oil on canvas, 18 x 24, signed lower right: Jose Arpa, San Antonio, Texas, Born in Carmona, Spain, JosÃ© Arpa y Perea was known as "The Colorist Painter" of figures and landscapes, especially in Texas where he brought a fresh approach to San Antonio painting in his bright, sunlit local scenes. He was also an etcher, illustrator, and muralist as well as an art teacher, and he started and ended his career in Spain. His subjects include the Grand Canyon of Arizona. He began his art study as the pupil of Eduardo Cano de la Pena at the Academy of Fine Arts in Seville and then spent six years in Rome followed by extensive travel through Africa and Europe. His reputation was solid enough that the Spanish government sent four of his paintings as part of the exhibition to the 1893 World's Columbian Exposition in Chicago. In 1894, as an illustrator, he accompanied a Spanish army expedition to Morocco where the Spanish had been defeated by Rifi tribesmen. In the mid-1890s, he was brought to Mexico City, reportedly by a special Mexican naval vessel, to head the Academy of Fine Arts, but declined the position once he understood the responsibilities. Instead he joined one of his Spanish schoolmates and went to his home in Puebla, Mexico, where his use of bright colors earned him the name of "Sunshine Man." He became close to the children of this man, and in 1903, accompanied them as a guardian to school in San Antonio. After twenty years of traveling in Spain, Mexico, the Southwest, and South America, Arpa settled in 1923 in San Antonio, Texas, where he became Director of the San Antonio Art School and painted bright, sun-filled landscapes. He taught landscape and portrait painting and was exceedingly prolific, and several San Antonio collectors accumulated large numbers of his works. Among his close artist friends were Robert and Julian Onderdonk, Tom and Joe Brown, and Charles Simmang. They were members of a San Antonio group who painted together and called themselves the "Brass Mug Club."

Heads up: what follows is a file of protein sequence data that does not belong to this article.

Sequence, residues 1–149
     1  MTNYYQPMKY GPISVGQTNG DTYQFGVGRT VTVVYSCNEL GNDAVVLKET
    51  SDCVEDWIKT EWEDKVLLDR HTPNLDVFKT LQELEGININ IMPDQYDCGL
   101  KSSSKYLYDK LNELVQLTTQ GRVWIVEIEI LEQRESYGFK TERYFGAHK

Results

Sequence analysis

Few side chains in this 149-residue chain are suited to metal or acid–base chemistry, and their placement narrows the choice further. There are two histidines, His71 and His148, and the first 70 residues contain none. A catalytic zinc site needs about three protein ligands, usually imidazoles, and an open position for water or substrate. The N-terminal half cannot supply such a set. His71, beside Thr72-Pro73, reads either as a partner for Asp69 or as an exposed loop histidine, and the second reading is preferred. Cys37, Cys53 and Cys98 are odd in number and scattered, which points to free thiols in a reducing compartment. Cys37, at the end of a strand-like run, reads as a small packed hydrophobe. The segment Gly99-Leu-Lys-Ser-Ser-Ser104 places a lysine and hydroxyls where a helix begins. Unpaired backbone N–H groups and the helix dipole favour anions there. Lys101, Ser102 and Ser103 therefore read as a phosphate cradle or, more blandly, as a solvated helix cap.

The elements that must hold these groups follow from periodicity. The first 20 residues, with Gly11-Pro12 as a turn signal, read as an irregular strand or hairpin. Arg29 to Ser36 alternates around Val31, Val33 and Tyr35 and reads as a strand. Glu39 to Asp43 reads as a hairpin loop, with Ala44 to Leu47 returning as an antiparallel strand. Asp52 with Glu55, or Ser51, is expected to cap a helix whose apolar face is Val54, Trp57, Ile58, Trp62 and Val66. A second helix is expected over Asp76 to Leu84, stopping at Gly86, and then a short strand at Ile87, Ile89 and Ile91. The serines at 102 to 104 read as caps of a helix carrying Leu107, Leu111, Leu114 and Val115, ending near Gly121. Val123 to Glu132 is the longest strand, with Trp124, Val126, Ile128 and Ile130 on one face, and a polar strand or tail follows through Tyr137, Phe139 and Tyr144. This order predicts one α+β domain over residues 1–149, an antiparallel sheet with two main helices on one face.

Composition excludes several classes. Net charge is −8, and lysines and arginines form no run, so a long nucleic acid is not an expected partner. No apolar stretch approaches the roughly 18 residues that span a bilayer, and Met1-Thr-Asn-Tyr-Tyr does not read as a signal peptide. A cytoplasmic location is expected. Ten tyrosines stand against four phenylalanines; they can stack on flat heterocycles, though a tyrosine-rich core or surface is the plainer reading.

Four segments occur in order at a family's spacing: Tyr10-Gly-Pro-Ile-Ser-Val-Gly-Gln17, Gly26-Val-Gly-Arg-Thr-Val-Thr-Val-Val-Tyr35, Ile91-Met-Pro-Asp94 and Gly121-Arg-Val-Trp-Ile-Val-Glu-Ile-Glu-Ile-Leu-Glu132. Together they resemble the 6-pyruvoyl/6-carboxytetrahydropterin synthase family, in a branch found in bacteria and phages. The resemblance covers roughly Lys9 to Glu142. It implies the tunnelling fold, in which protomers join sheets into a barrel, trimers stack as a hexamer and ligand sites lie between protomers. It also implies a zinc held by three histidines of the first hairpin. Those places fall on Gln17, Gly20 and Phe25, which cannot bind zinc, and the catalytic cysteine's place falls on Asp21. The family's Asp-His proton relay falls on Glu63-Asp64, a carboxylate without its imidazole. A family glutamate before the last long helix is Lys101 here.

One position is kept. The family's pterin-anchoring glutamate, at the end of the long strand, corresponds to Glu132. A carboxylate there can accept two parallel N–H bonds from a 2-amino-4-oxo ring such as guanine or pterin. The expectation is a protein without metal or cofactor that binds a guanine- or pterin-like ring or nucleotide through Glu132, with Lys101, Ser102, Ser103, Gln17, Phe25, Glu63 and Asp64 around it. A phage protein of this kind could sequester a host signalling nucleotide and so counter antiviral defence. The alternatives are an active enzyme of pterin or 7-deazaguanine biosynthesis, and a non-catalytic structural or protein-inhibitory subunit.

In 1932, he returned to Seville where he stayed for the next twenty years until his death, reportedly at age ninety-four. - Source: Harold and Peggy Samuels, Encyclopedia of Artists of the American West; John and Deborah Powers, Texas Painters, Sculptors, and Graphic Artists